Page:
The BRICS summit kicks off Tuesday. Will it adopt a common currency?

Expansion of the Group is a major agenda item
The BRICS summit kicks off Tuesday. Will it adopt a common currency?

Leaders of the BRICS countries with emerging economies, which account for about a quarter of the world’s wealth, will meet Tuesday in Johannesburg for a summit aimed at expanding the bloc’s influence and deepening the use of local currencies in trade among member states. Other issues, including the establishment of a common payment system, are also on the agenda.

South African President Cyril Ramaphosa will host Chinese President Xi Jinping, Indian Prime Minister Narendra Modi and Brazilian President Luiz Inácio Lula da Silva for the bloc’s three-day annual summit.

Russian President Vladimir Putin will participate in the summit via videoconference.

After questions about whether the Russian president would attend the BRICS summit, Putin decided last month not to go to Johannesburg in light of the international arrest warrant issued against him. Russian Foreign Minister Sergei Lavrov will travel to Johannesburg instead.

Read: BRICS summit 2023: Dates, location, discussions and attendees

But what is BRICS?

The BRICS is a political organization that currently includes Brazil, Russia, India, China and South Africa. Negotiations for its formation began in 2006, and its first summit was held in June 2009 in the Russian city of Yekaterinburg.

Its name changed from “Brik” to “BRICS” in 2011, after South Africa joined the country.

This international group aims to develop economic relations among themselves in local currencies, reducing dependence on the dollar.

By 2050, their economies are expected to rival the economies of the richest countries in the world today, according to Goldman Sachs, which first used the term in 2001.

The BRICS Group was coined by Goldman Sachs chief economist Jim O’Neill in a 2001 study titled “Building Better Global Economies for BRICS Countries.”


O’Neill initially used the term “break” to describe “emerging markets” in Brazil, Russia, India and China.

From 2000 to 2008, these four countries’ share of global output rose rapidly, from 16 percent to 22 percent, and their economies performed better than average during and after the global recession in 2008.

In 2006, this very concept gave rise to a grouping that merged Brazil, Russia, India and China; before South Africa joined the third summit in 2011.

The group represents 42 percent of the world’s population, more than 25 percent of global GDP and 16 percent of world trade, according to figures from the United Nations Conference on Trade and Development (UNCTAD).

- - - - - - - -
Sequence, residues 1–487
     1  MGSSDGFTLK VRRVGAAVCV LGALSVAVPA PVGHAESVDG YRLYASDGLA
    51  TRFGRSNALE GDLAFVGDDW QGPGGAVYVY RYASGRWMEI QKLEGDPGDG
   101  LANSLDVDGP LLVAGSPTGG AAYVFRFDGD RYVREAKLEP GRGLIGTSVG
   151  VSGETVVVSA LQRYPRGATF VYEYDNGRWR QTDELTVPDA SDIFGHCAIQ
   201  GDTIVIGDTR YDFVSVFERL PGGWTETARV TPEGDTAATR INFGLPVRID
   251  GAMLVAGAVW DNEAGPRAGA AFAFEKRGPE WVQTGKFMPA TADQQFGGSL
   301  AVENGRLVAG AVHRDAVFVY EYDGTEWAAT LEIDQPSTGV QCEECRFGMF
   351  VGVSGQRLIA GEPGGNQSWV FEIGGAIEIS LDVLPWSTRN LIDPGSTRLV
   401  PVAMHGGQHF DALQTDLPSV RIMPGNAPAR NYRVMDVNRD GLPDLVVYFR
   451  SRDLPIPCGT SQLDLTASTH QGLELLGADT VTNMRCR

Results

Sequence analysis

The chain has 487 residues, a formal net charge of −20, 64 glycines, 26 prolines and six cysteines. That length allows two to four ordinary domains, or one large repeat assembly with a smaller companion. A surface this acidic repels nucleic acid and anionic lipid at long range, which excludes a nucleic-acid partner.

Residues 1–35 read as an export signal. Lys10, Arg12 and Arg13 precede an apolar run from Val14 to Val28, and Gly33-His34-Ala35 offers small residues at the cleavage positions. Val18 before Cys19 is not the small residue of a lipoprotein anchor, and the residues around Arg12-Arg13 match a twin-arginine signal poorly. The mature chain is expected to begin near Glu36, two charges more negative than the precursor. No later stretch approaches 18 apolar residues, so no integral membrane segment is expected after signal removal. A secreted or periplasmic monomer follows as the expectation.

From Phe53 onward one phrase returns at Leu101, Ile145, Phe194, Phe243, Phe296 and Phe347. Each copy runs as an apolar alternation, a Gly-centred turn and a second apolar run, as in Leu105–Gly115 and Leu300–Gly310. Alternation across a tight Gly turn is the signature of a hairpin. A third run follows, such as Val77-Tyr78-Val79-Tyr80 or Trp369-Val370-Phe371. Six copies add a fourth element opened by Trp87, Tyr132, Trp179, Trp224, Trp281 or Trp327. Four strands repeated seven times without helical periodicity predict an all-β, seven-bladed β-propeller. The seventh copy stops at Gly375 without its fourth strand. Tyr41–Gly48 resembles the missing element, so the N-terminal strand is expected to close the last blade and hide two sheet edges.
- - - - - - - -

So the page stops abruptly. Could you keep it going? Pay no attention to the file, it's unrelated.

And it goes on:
It is estimated that in 2021, the BRICS population reached 3.24 billion, which is more than 40 percent of the world’s population. The majority live in either China or India, which have populations of more than 1.4 billion each, while the other three countries have a population of just under 420 million.

China has the largest GDP among the BRICS countries, reaching $16.86 trillion in 2021, while the GDP value in the remaining countries is less than $3 trillion. Combined, the BRICS Group’s GDP was more than $26 trillion in 2022, slightly more than the United States.

For most of the past two decades, China has achieved the highest GDP growth of any BRICS country, although it was surpassed by India in mid-2010 which achieved the highest growth in 2020. All five countries saw their GDP growth decline during the global financial crisis in 2008, and again during the pandemic in 2020. China was the only economy to continue to grow during both crises, although India’s economy also grew during the Great Recession.

What items will be raised during the meeting?

Expansion of the membership circle: The expansion of the membership of the BRICS is ready. There are currently 23 other countries seeking accession, including Egypt, Indonesia and Saudi Arabia.

Common currency: The group is set to revive the idea of reducing the dollar’s dominance over the international payments system, an idea that has been discussed at previous summits.

The debate has resurfaced after the US interest rate hike and Russia’s war on Ukraine, which led to the rise of the US currency, and with it the cost of dollar-denominated goods.

The proposals under discussion include increasing the use of member countries’ national currencies for trade and establishing a common payment system.

– New Development Bank: The head of the Shanghai-based New Development Bank, Dilma Rousseff, will provide an update on plans to diversify its sources of financing. The bank, which will be a conduit for business transactions between member states, estimates that at least a third of lending will be in local currencies by 2026.

Ukraine: The Russian-Ukrainian war will be on the agenda. The BRICS countries have remained cohesive since the war, with Brazil voting in favor of a UN resolution in February calling for an end to the conflict and demanding that Russia withdraws.

Food security: Food security will be on the agenda of the South Africa summit in light of the measures taken by India and Russia that have exacerbated the situation.

India, which accounts for 40 percent of the world’s rice trade, has increased export restrictions to protect its home market. Russia withdrew from the initiative that ensures the safe passage of Ukrainian grain exports, which was a rare example of cooperation during the war.

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